President Barack Obama's controversial selection of Michael Boggs to become a federal judge in Georgia lacks enough votes to survive and the nomination should be withdrawn, the Democratic chairman of the Senate Judiciary Committee said Monday.
The fate of Boggs's nomination had been in doubt for months, after Senate Majority Leader Harry Reid, D-Nev., and other Senate Democrats expressed opposition to him because of positions he has taken on abortion, same-sex marriage and the Confederate flag.
Monday's remarks by Sen. Patrick Leahy, D-Vt., signaled what could become an embarrassment for Obama. It is rare for a president's nominees to be rejected by members of his own party. Just hours earlier, White House spokesman Josh Earnest said Obama did not want Boggs to withdraw his nomination.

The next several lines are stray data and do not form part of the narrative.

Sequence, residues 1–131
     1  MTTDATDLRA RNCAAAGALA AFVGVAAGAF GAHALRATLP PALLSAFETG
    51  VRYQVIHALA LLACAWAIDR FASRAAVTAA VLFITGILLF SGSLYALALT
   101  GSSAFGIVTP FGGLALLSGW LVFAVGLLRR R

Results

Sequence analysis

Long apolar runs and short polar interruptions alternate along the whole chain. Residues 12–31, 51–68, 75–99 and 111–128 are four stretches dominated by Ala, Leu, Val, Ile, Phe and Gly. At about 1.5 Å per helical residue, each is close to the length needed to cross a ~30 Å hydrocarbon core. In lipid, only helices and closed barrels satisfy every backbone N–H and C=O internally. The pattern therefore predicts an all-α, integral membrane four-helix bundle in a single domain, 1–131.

Leahy's comments came six weeks before congressional elections in which strong support from women and black voters would enhance Democrats' chances of retaining Senate control and limiting expected losses in the House.
Obama last year nominated Boggs, a state judge, to become a federal district judge in Georgia. Boggs was recommended by that state's two Republican senators as part of a deal to fill seven judicial vacancies there.
But in a written statement released Monday by his office, Leahy said, "After talking with Judiciary Committee members, I advised the Georgia senators that Judge Boggs does not have the votes in committee to be reported. His nomination should be withdrawn."
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